FieldTurf Inc., a manufacturer of artificial athletic turf in which recycled rubber is a crucial ingredient, has hit the major leagues-literally and figuratively.
For the first time, FieldTurf has been installed as the playing surface in the stadiums of two National Football League teams. The Seattle Seahawks were first with FieldTurf by one week, opening Seahawks Stadium with FieldTurf installed on Sept. 15. One week later, Ford Field in Detroit-home of the Detroit Lions-opened with new FieldTurf featuring a unique Detroit touch: the rubber undercushion for the playing surface was made from part of the 13 million Firestone Wilderness AT tires recalled by Ford Motor Co. in May 2001.
FieldTurf isn't exactly new to the NFL-a total of 10 teams, the most recent addition being the Oakland Raiders, use the surface for their practice fields. The University of Nebraska Cornhuskers were the first college football team to install FieldTurf in their stadium, in fall 1999, and the Tampa Bay Devil Rays were the first major league baseball team to play on the surface, in spring 2000.
Professional soccer teams and other college and school athletic departments followed suit, so that to date the Montreal-based company has installed more than 430 athletic fields in North America, Europe and New Zealand. Simply speaking, FieldTurf facilitates play in major athletic events, the company said. The soft, synthetic carpet-which resembles grass in appearance and texture-doesn't entangle cleats the way old artificial turf did, while the infill of rubber and silica sand provides a softer, more resilient surface that reduces injuries to players.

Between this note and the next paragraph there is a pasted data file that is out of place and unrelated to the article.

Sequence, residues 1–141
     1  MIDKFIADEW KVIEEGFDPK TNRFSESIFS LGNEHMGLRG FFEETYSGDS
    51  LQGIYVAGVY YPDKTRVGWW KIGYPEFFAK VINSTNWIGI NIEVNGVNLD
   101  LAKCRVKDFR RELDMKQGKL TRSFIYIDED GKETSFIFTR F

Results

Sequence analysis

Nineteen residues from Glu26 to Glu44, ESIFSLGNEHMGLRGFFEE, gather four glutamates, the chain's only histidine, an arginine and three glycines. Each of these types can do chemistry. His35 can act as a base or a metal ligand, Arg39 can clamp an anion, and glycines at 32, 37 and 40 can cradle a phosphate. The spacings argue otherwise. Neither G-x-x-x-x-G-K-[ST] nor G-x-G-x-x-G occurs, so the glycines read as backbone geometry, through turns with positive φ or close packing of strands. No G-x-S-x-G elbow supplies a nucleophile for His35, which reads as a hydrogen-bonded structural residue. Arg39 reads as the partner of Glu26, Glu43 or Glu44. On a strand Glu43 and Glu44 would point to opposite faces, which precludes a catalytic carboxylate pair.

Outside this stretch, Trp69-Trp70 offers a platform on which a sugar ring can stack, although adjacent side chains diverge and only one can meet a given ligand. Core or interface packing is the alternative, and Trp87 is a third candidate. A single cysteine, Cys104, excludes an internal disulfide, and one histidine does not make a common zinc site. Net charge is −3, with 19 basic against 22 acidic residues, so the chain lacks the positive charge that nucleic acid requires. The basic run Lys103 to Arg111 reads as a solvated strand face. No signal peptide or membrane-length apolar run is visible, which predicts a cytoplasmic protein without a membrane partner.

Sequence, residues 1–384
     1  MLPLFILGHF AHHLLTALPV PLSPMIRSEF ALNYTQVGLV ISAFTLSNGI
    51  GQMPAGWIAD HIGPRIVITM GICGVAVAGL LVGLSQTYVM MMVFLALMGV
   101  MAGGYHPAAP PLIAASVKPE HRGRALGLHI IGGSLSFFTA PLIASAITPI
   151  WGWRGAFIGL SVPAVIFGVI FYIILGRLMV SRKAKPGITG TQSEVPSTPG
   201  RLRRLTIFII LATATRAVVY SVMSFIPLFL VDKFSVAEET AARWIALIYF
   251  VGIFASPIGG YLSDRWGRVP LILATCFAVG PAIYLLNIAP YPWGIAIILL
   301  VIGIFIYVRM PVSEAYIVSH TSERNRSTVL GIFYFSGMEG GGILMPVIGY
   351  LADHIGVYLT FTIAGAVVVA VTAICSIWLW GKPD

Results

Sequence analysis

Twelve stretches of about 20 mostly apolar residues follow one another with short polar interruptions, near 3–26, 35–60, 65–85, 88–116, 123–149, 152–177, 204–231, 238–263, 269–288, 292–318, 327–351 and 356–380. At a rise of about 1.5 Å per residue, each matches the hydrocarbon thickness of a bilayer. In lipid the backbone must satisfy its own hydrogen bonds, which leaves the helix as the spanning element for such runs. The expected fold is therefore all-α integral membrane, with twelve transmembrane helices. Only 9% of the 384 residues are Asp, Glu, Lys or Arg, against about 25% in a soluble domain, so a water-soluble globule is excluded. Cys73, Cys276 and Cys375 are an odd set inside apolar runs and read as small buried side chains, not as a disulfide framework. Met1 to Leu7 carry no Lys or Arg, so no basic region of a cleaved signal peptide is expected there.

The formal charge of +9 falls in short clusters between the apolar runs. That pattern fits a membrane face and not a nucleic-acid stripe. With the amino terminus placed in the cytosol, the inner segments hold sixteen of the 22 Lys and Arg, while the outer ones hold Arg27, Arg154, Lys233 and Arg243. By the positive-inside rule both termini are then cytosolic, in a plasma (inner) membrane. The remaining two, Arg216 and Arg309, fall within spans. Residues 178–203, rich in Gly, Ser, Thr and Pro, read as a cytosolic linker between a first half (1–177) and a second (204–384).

The surface lasts eight to 12 years and requires no maintenance other than an occasional brushing, according to the company.
FieldTurf Inc. began life as SynTenni Co. in 1988. Founder and President Jean Prevost, a former professional tennis player, developed the company's first products-synthetic grass for tennis courts, and a synthetic surface designed to reduce wear and tear on golf practice tees.
The company's emphasis changed, however, when John Gilman-a former quarterback for the Montreal Alouettes in the Canadian Football League-joined as CEO. Mr. Gilman steered the company's business toward athletic fields and by 1993 it got its first contracts to lay FieldTurf in indoor soccer stadiums.
It was no big deal for FieldTurf to use recalled Firestone tires for Ford Field, particularly since Ford played a major role in the building of the stadium, Mr. Gilman said. ``There was no bidding,'' he said. ``It was just a matter of course.''
FieldTurf uses approximately 20,000 recycled tires for every football field, he added.